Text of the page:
Relief to borrowers and loan defaulters as President Uhuru announces the suspension of CRB listings till September 2022
Borrowers who fail on loans of less than Sh5 million will not be blacklisted at credit reference bureaus (CRBs), while those who are already banned would be dismissed in an effort to help companies recover from the effects of Covid-19.
President Uhuru Kenyatta announced on Wednesday the suspension of CRB listing for loans that went into default in October of last year, with the reprieve from blacklisting lasting until September of next year.
The CRB listing relief is part of a stimulus package designed to help troubled companies and families recover from the impact of the Covid-19 epidemic, which has reduced consumer demand and driven firms to lay off workers and scale back operations.
Borrowers who have been reported to one of Kenya’s three credit bureaus jeopardise their ability to borrow further.
“The relevant authorities will, for loans less than Sh5 million, effect a moratorium of listing in CRBs for a period of 12 months to end September 2022,” President Kenyatta said yesterday.
Mr Kenyatta’s directive puts a stop to banks, SACCOs, and microfinance businesses, which have been allowed to resume the unfettered transmission of negative credit information to the three CRBs since June.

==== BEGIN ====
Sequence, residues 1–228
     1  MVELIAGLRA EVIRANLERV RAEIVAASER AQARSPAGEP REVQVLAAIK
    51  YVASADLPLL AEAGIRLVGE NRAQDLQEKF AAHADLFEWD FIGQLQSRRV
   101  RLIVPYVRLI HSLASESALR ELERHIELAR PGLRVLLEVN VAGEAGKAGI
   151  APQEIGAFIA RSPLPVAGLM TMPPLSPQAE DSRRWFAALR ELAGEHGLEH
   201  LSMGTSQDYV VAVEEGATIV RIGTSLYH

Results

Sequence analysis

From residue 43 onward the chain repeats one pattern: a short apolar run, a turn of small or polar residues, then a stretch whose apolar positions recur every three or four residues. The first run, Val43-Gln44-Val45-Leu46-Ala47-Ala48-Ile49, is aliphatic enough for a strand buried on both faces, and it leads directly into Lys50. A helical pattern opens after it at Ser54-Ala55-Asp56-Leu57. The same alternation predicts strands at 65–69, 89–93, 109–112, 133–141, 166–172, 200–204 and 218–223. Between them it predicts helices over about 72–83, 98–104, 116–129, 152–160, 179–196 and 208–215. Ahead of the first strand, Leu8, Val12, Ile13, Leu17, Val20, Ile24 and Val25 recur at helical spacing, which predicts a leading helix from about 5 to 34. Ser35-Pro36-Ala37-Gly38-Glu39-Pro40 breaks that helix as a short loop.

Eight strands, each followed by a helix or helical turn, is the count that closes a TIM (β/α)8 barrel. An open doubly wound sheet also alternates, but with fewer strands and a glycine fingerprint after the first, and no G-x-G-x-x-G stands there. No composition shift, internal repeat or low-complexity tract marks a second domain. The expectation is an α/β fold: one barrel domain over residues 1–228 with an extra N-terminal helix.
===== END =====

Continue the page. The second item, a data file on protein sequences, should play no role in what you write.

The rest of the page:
The ban is the second since Kenya reported the first incidence of the Covid-19 illness last year, as the government works to save people and companies from losing credit.
CBK suspended CRB listings for six months in April of last year as part of the efforts to help borrowers affected by the epidemic.
The ban expired in October, enabling financial institutions to begin submitting defaulters’ names to the bureaus. Lenders, on the other hand, gave defaulters 90 days beginning October 1 to begin repaying their debts or be listed with CRBs.
The suspension of negative listing on Kenya’s three credit reporting bureaus — Metropol, TransUnion, and Creditinfo International — was intended to help troubled borrowers cope with the impacts of the coronavirus epidemic.
Workers who took out unsecured loans on the strength of their earnings to buy items like as furniture and automobiles, as well as for costs such as school tuition, have struggled to keep up with repayments in the aftermath of layoffs and salary cutbacks.
In January of this year, the number of loan accounts adversely classified with CRBs reached 14 million, highlighting Kenyans’ repayment difficulties.
After the CBK removed a three-month listing embargo in August, blacklisted accounts increased 45 percent in the five months between August and January.
According to CRB data, the number of loans in arrears for more than 90 days had risen to 14,035,718 by January this year, up from 9,673,258 in August 2020.
In the banking sector, the ratio of non-performing loans to total loans was 14 percent in June, down from 14.6 percent at the end of March, showing the economic recovery for consumers and companies.